Judge’s hug not embraced by all after Dallas officer’s trial
DALLAS (AP) — Judges don’t usually hug convicted murderers in the courtroom or hand them Bibles before sending them off to prison.
That is what made Judge Tammy Kemp’s actions so extraordinary in the closing moments of the trial of a white former Dallas police officer who fatally shot her black neighbor.
The tearful embrace before Amber Guyger was taken away to serve 10 years touched off a debate over whether Kemp — a black former prosecutor who fasted and prayed before deciding to run for judge in 2014 — demonstrated admirable compassion or crossed an ethical line. One group asked for a judicial misconduct investigation.
Activists also questioned whether a black defendant would have received the same treatment, adding a final layer of anger to a high-profile case that touched on issues of race.
“It’s just her Christian nature,” said former Dallas County District Attorney Craig Watkins, who was once Kemp’s boss and in 2006 became the first black elected district attorney in Texas history. Kemp, he said, would pray when their office tackled complex cases.
“You’re having people of color that have the opportunity to make judges now,” Watkins said. “Their life experience and their religious points of view are different than what we’ve seen in the past. That’s just the evolution of our judicial system.”
In September 2018, Guyger lived one floor below Botham Jean and said she entered his apartment thinking it was hers. Mistaking him for a burglar, she drew her gun and fired. The judge also hugged members of Jean’s family and allowed Jean’s younger brother to hug Guyger.
But some called Kemp’s actions a step backward. The Freedom From Religion Foundation, a secular Wisconsin-based group that routinely files lawsuits challenging religious displays in government, accused her of proselytizing from the bench.
The group filed a complaint Thursday with a Texas state agency that investigates allegations of judicial misconduct. At the heart of the protest was Kemp giving a Bible — one of her own — to Guyger and recommending a verse. Guyger had already been sentenced, and the jury had been dismissed.
“You can have mine. I have three or four more at home,” Kemp said to Guyger. “This is your job for the next month. Right here, John 3:16.”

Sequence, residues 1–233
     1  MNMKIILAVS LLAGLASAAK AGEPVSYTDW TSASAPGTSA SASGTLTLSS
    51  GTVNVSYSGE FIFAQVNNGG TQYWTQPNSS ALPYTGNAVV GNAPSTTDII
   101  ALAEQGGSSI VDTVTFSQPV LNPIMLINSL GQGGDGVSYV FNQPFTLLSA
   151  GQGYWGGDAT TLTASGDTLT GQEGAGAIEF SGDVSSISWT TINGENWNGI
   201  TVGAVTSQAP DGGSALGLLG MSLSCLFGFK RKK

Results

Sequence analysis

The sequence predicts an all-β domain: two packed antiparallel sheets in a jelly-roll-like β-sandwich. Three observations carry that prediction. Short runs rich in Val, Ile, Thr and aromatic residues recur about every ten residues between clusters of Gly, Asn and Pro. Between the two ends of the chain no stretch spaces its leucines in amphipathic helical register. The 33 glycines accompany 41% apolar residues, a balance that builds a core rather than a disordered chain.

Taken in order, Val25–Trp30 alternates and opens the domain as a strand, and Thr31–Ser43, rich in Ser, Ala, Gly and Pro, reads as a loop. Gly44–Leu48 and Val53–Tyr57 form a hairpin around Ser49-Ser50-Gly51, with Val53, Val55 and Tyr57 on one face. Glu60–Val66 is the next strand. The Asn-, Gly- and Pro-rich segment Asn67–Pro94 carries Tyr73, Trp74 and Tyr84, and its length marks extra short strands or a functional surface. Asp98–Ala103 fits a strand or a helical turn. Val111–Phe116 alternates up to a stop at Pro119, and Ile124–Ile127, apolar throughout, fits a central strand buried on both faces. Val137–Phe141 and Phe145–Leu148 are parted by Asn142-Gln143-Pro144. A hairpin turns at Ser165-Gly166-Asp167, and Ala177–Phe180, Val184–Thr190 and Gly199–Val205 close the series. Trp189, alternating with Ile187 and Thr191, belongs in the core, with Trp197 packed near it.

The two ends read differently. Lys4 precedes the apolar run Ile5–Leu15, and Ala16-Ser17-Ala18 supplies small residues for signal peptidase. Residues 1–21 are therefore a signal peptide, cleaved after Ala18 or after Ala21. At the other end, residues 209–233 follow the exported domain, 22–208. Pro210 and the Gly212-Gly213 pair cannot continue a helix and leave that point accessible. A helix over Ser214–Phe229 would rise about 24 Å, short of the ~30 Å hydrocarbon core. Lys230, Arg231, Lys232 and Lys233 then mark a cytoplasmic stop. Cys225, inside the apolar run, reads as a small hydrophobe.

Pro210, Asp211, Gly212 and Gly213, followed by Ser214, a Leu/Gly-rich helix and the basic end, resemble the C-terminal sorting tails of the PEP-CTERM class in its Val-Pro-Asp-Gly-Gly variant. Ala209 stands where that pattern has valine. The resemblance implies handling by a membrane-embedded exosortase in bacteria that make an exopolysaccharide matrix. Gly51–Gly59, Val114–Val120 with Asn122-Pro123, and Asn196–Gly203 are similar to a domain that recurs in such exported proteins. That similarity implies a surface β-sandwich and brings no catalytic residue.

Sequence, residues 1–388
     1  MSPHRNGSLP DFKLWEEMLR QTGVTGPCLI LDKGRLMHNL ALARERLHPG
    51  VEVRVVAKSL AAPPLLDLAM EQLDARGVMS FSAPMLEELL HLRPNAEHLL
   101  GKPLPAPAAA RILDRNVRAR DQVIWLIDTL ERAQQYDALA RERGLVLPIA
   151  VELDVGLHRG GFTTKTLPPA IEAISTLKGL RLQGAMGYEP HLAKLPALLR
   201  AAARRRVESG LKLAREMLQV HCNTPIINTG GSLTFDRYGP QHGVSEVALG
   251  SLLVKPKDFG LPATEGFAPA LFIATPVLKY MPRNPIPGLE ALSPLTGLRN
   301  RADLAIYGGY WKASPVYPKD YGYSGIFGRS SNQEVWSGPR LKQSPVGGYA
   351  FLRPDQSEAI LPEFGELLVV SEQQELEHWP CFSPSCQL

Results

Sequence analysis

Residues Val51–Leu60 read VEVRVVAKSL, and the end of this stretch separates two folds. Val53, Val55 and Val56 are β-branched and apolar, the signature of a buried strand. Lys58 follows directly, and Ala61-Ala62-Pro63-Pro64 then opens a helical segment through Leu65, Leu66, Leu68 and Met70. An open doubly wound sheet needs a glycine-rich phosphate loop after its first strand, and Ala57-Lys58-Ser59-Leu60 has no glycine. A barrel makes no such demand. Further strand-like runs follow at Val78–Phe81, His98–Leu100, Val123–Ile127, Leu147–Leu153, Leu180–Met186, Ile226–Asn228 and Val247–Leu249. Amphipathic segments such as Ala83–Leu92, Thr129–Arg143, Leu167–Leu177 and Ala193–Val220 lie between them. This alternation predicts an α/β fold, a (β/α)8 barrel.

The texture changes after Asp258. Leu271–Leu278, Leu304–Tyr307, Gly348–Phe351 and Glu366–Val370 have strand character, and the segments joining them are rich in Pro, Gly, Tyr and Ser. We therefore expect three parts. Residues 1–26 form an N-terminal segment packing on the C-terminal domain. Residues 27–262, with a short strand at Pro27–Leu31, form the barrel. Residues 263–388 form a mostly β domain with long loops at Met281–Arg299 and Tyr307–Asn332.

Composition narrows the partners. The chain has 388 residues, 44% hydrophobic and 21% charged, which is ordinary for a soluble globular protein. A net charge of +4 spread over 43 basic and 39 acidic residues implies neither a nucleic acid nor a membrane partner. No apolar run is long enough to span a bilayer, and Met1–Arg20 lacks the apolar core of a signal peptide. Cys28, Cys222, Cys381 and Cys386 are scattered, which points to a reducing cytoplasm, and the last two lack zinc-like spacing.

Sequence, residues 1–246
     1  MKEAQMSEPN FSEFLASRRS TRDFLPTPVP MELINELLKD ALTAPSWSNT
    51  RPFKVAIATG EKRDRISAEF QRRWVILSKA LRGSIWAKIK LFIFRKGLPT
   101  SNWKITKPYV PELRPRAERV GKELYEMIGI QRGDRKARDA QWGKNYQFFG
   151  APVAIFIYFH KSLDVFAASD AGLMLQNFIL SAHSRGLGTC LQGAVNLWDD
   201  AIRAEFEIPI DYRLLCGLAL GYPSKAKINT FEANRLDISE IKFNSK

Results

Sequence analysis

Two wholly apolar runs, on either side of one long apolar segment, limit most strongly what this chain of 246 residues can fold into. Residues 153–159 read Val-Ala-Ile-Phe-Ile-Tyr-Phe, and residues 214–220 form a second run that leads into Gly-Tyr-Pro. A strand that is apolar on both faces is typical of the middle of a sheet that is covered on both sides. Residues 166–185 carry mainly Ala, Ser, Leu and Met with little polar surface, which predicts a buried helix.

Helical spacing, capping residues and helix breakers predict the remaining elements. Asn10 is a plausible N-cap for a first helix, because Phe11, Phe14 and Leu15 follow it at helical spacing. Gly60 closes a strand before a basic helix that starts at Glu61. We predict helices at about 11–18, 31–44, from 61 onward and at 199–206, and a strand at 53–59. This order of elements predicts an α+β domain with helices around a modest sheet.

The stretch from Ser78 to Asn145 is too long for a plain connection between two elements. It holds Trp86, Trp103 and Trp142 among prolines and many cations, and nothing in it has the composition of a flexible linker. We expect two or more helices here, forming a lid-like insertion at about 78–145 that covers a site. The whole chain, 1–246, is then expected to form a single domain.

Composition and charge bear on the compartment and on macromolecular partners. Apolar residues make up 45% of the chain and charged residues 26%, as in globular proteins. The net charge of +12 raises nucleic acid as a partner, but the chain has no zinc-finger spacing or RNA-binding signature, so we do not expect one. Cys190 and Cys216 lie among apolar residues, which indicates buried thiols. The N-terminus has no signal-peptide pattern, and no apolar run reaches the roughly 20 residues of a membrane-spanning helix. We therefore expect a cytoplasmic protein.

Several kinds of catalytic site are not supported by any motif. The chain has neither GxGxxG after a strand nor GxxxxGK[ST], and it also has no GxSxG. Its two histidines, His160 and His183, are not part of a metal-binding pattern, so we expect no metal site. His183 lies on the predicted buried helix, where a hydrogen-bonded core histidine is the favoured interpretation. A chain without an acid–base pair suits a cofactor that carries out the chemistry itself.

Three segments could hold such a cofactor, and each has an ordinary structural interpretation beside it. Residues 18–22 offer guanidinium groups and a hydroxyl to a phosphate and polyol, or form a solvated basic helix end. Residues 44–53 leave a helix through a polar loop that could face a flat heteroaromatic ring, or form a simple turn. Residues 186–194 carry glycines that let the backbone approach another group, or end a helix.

Guyger then rose from the defense table to embrace the black-robed judge. Kemp appeared to hesitate for a moment, then wrapped her arms around the fired police officer.
As attorneys and sheriff’s deputies looked on, Kemp gently patted Guyger on the back with one hand and appeared to whisper in her ear. The two women held each other for 10 seconds. When they broke apart, a man in a suit standing near Guyger could be seen wiping away tears.
“Delivering Bibles and personally witnessing as a judge is an egregious abuse of power,” the foundation wrote in a letter to Texas officials. Kemp “transmitted her personal religious beliefs as a state official in an official proceeding of the gravest nature.”
Jacqueline Habersham, interim executive director of the Texas State Commission on Judicial Conduct, said confidentiality rules bar her from discussing any pending complaint or investigation.
Kemp did not respond to requests for an interview Thursday and has not spoken publicly since the trial ended.
Kemp took over the 204th District Court after running as a Democrat in her first bid for office in 2014. In a campaign ad in a local magazine called I Messenger, Kemp criticized her opponent as brash and vowed that anyone who came through her courtroom, defendants and victims, would get respect.
She also pointed to God: “As a woman of faith with strong Christian values, my husband and I fasted and prayed about my decision to run.”
Legal experts said it is reasonable to watch Kemp’s actions and raise concerns about any indiscretion. But since the trial was over and the jury was dismissed, they said the propriety of Kemp’s conduct isn’t clear-cut.
“We want our judges to be human and to show their humanity,” said Renee Knake, a law professor at the University of Houston and expert in judicial ethics. “That’s why our cases are decided by human beings and not machines.”
Weber reporter from Austin.